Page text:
Operationally, the German U-Boat force still managed to keep its U-boat fleet somewhat active in the summer and fall of 1944. The official records indicate that most of the available U-Boats were operationally concentrated within the North Sea and around the British Isles in its continuing attempt to strangle the Allied supply lines. Occasionally an independent U-Boat patrol would be deployed into the North Atlantic to sink ships, report on weather or both. There were two “Special Missions” deployed against the American coast in 1944, only one of which was to succeed off the Maine coast near the end of the year. In that particular case, the U-1230 successfully landed two agents at Winter Harbor. The success was minimal, however, since both men were eventually picked up by the Federal Bureau of Investigation.

During the first week of July 1944, an incident involving a U-boat and the U.S. Naval Airship “K-14” occurred off of Bar Harbor, Maine. As is made so painfully clear in the official inquiry records, the U-boat in question brought down the “K-14” with 20mm Anti-Aircraft fire resulting in the loss of six airship crewmen out of a total complement of ten men. The inquiry and related intelligence reports also show that “K-14” was somewhat successful in at least severely damaging the enemy vessel. Unfortunately, this incident was also kept secret for over 54 years.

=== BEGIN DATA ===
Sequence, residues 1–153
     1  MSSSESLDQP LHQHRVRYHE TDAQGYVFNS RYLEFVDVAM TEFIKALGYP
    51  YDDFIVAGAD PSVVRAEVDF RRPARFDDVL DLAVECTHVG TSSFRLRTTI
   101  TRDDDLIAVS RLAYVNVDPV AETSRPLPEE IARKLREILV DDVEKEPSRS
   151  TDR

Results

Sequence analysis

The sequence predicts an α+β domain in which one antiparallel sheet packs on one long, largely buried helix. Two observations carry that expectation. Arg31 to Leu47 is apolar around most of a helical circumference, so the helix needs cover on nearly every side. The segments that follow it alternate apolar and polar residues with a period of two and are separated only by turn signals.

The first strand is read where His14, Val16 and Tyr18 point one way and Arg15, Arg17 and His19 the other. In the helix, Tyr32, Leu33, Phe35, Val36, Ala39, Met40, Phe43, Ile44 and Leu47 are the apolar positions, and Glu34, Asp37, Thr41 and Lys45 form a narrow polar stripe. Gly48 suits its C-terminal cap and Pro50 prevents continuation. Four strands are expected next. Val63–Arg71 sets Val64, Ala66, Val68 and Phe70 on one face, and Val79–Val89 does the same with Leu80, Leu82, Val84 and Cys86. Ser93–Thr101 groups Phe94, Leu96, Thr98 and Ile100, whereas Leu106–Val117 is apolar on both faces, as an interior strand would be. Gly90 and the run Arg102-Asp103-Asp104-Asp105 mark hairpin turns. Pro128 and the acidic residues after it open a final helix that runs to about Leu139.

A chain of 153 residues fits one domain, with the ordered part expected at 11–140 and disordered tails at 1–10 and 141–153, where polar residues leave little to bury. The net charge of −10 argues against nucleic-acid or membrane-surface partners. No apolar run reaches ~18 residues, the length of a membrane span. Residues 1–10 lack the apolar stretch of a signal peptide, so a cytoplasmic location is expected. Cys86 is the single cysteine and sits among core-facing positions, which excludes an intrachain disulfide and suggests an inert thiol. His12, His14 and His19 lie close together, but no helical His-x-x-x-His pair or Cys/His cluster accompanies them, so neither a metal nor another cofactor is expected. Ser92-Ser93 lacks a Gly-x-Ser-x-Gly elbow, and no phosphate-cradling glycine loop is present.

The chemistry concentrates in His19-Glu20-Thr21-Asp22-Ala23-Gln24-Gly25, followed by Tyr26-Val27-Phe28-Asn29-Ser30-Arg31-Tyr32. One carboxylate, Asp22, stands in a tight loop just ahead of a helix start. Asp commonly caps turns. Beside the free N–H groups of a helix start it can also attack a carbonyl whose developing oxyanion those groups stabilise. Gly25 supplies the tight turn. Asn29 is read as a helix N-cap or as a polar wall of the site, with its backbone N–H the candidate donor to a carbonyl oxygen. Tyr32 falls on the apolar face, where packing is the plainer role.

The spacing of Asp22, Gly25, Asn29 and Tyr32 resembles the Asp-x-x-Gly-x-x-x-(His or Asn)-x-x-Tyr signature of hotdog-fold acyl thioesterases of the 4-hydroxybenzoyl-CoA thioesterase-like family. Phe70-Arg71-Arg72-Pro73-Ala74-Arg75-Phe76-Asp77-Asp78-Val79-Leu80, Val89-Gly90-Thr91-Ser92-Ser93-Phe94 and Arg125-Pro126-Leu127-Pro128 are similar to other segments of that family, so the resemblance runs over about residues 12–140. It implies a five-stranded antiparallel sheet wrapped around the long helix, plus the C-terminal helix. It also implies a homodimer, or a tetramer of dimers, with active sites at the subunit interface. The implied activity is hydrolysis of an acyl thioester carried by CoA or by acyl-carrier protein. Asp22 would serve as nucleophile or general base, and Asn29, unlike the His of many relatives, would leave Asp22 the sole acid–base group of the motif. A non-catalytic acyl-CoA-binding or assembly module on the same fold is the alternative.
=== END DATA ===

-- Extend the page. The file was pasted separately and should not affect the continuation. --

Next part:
Another situation occurred on 20 August 1944.

U-1229, a Type IXC/40 submarine, slightly larger than the original Type IXC’s under the command of Arnim Zinke had left Trondheim on 26 July 1944. Zinke’s orders were to put Abwehr agent Lieutenant Oskar Mantel ashore along the Maine coast. On 20 August 1944, U-1229 was found and attacked on the surface by aircraft from the “USS Bogue” (CVE-9), one of the keep carriers that the U.S. Navy deployed for ASW operations. Having been heavily damaged in the initial air attack, the U-1229 attempted to escape underwater but was forced to surface again as poisonous fumes started to develop from the damaged battery sections. While the crew was abandoning ship, the U-boat was strafed by several aircraft resulting in the death of numerous crew members including Zinke. In total 18 crew members died while 41 survivors were picked up by a US destroyer after seven hours in the water. Among the survivors was Mantel.